Ecological restoration and the law: recovering nature's past for the future
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Environmental law worldwide dwells on nature’s future, not its past. The plethora of environmental regulations and policies orients society, ostensibly, to avoid impending threats and nurture long-term stewardship of natural resources. The ‘past’, in the sense of the natural world’s historic condition before the human onslaught, is relegated for protection in discrete enclaves we commonly call national parks while the much larger, remaining spaces have been left open for dramatic transformation for anthropocentric needs. With each successive human generation, our memories of nature’s former riches are dissipated. Incremental, attritional environmental decline unfolds mostly too gradually to be observed by individuals within their own lives, thereby rendering most insouciant about their degrading surroundings. We see congested roads, sprawling housing, busy shopping malls and so on, as the environment’s ‘normal’ condition, oblivious to the biodiversity riches that once graced the landscape. To the extent that environmental law looks to the past, to undo some of our mischief, it tends to intervene only in spatially and temporally narrow parameters such as to rehabilitate former mining sites or to remediate pollution contamination. Rarely does the law seek to repair holistically the ubiquitous degraded landscapes and ecosystems in our midst despite emerging duties on states to do so in transnational environmental law. The challenges for environmental governance are thus particularly onerous in a world infatuated with its future.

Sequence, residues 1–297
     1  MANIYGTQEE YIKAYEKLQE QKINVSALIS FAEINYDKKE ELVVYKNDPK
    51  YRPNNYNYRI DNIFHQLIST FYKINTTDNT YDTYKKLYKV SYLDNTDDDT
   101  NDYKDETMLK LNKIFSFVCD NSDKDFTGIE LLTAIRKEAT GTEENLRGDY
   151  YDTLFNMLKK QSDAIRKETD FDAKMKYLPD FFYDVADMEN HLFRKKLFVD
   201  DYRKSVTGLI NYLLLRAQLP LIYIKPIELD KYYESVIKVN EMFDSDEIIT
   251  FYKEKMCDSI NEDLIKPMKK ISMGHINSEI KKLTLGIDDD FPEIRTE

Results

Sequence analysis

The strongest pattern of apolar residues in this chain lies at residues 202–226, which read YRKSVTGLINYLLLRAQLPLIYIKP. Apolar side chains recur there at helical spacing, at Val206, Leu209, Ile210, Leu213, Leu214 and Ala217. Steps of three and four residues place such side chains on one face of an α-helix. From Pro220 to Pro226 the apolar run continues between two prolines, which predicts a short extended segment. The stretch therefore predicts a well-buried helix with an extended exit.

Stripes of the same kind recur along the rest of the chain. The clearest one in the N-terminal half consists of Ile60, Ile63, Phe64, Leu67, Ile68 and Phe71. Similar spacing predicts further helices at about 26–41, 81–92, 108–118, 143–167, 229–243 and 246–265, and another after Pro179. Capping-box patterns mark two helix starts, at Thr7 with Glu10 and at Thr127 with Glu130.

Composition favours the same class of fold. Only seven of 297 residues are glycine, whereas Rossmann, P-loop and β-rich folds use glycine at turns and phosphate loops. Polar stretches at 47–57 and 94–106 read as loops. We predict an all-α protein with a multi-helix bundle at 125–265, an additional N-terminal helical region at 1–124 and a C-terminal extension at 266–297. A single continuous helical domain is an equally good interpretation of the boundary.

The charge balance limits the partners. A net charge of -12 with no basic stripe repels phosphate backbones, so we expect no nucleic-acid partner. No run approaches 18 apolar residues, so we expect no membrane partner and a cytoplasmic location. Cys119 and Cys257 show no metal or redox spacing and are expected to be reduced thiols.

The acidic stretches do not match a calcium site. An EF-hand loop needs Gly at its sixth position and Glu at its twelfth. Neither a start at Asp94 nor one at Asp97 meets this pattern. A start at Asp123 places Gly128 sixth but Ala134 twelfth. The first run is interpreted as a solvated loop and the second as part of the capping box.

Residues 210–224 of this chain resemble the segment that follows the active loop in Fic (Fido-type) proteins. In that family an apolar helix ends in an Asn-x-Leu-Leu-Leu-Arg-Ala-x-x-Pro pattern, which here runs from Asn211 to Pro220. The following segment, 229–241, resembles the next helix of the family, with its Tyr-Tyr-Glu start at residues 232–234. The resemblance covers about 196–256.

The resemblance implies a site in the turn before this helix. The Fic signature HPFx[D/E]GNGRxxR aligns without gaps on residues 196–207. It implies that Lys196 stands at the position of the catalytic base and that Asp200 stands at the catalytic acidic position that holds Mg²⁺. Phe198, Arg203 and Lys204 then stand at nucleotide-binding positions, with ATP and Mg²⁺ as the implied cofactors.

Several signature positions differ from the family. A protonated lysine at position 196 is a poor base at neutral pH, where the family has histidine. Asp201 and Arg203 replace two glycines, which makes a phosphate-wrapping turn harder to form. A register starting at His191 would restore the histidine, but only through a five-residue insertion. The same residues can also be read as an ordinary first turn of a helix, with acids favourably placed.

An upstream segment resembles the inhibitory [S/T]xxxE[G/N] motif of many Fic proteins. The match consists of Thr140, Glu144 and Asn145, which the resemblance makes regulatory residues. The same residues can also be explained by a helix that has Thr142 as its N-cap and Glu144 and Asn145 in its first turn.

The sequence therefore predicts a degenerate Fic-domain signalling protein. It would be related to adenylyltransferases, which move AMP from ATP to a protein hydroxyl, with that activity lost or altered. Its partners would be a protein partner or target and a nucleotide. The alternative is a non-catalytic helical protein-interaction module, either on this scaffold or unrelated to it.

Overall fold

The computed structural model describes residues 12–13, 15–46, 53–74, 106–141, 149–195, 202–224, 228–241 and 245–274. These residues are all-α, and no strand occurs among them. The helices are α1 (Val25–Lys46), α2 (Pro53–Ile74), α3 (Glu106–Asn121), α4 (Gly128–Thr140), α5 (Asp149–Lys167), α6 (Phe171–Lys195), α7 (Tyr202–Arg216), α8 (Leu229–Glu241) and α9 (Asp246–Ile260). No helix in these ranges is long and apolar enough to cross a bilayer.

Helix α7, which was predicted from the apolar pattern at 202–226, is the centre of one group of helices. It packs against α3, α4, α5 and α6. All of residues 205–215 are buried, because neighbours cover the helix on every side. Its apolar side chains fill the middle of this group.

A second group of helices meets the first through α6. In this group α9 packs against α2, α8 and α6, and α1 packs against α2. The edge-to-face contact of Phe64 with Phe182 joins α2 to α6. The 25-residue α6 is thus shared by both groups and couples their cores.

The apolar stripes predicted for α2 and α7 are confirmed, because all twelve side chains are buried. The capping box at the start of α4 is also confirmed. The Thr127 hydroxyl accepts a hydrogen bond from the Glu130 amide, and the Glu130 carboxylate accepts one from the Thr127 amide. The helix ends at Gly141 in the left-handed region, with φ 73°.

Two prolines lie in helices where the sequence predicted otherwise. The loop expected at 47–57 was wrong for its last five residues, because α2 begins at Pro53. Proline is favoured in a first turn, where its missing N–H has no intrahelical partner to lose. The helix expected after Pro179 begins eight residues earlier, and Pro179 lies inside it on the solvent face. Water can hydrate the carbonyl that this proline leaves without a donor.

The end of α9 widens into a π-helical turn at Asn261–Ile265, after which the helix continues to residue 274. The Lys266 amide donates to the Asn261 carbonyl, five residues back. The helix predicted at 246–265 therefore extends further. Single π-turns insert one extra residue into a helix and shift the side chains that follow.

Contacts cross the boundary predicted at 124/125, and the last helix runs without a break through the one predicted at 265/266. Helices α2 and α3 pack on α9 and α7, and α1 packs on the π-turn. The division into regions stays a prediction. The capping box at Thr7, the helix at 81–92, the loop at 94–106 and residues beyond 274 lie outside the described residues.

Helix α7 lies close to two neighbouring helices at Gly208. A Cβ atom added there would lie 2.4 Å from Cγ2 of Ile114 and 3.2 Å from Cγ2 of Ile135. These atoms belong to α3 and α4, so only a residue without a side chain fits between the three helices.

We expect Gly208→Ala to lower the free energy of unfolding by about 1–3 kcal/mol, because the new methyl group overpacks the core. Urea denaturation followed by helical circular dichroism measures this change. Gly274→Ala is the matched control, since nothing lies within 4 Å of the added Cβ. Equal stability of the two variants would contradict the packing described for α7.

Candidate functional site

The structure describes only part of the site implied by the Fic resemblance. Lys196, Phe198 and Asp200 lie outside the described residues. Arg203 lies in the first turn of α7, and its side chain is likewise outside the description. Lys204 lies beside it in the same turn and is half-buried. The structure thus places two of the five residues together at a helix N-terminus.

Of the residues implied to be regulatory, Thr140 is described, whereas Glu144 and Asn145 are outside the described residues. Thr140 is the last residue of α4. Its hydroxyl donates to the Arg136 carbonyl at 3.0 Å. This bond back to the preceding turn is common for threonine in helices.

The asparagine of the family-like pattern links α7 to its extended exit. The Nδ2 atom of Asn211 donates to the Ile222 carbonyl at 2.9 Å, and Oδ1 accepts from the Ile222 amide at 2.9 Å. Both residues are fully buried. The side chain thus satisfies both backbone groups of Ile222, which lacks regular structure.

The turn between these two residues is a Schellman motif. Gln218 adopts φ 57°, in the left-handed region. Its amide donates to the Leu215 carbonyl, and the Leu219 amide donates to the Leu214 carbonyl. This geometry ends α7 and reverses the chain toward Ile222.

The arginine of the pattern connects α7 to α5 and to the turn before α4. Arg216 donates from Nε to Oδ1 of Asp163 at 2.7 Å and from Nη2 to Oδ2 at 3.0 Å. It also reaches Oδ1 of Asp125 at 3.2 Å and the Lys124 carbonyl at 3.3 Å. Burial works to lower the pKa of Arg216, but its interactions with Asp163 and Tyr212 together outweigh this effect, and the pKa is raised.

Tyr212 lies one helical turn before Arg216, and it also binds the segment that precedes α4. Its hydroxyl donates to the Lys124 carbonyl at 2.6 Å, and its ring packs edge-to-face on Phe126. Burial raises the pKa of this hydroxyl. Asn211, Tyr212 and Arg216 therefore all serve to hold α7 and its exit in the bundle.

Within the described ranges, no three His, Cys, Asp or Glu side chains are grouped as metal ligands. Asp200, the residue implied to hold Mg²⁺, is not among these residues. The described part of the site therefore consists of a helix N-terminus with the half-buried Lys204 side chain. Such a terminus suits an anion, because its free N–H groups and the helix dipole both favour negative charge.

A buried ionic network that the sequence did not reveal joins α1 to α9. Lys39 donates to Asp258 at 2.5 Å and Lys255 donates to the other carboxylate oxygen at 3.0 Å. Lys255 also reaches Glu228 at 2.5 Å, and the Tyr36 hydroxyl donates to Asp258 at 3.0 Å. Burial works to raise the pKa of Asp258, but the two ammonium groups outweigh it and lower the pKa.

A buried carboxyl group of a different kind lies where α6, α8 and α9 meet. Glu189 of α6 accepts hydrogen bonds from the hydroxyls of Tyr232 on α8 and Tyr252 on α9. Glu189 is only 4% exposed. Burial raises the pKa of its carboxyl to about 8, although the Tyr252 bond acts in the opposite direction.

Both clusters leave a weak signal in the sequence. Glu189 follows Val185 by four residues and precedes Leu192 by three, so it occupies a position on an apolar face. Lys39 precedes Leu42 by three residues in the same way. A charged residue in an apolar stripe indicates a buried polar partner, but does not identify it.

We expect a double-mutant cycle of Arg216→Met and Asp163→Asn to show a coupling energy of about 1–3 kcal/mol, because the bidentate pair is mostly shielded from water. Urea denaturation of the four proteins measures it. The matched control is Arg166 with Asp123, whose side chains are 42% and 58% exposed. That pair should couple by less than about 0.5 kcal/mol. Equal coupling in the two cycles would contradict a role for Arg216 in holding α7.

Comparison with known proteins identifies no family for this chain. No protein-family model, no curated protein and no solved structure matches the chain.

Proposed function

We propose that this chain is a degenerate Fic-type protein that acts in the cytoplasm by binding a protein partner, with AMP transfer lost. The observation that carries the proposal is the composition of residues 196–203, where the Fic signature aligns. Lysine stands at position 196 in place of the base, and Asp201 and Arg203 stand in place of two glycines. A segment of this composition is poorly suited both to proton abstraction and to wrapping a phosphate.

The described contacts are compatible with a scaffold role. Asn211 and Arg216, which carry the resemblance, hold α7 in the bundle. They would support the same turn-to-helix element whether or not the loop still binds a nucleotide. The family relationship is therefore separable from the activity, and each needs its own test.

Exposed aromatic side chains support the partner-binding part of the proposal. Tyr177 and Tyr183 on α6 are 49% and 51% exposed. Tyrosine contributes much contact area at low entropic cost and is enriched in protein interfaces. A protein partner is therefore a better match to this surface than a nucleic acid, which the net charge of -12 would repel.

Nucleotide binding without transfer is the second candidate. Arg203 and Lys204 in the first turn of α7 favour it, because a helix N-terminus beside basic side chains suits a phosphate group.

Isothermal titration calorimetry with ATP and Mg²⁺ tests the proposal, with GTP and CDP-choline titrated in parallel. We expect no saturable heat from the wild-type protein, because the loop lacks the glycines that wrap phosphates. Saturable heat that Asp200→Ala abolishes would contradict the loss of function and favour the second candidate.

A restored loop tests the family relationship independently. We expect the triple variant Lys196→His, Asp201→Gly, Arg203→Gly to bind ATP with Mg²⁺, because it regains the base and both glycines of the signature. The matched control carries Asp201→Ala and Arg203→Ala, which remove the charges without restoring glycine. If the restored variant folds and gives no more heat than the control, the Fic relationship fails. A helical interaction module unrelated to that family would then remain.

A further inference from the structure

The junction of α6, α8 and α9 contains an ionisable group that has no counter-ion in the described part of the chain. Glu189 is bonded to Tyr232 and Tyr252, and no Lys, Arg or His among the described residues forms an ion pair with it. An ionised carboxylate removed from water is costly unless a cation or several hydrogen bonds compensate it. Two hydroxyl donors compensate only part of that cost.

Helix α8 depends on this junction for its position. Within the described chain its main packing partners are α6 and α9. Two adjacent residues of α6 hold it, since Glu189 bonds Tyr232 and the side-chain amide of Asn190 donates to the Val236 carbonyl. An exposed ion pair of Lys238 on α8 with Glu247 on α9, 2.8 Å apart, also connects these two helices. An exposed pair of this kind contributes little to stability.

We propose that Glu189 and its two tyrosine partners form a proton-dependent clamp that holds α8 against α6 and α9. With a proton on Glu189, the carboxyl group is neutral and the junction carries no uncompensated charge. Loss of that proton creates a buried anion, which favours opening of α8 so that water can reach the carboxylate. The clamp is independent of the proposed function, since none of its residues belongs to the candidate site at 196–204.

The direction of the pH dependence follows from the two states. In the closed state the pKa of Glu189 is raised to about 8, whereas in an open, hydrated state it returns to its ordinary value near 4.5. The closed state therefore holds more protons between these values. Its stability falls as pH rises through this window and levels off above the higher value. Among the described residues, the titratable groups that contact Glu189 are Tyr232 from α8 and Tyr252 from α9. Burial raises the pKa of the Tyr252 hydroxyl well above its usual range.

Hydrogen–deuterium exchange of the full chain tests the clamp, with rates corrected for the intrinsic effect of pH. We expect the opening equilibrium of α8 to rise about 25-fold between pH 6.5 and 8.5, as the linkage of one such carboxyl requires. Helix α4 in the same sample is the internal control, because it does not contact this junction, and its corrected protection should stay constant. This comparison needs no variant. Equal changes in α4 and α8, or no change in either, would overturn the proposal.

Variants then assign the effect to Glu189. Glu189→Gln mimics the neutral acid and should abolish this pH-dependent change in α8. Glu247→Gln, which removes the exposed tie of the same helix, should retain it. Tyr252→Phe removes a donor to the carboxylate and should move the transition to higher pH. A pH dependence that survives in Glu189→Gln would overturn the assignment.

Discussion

Griffith Law Review
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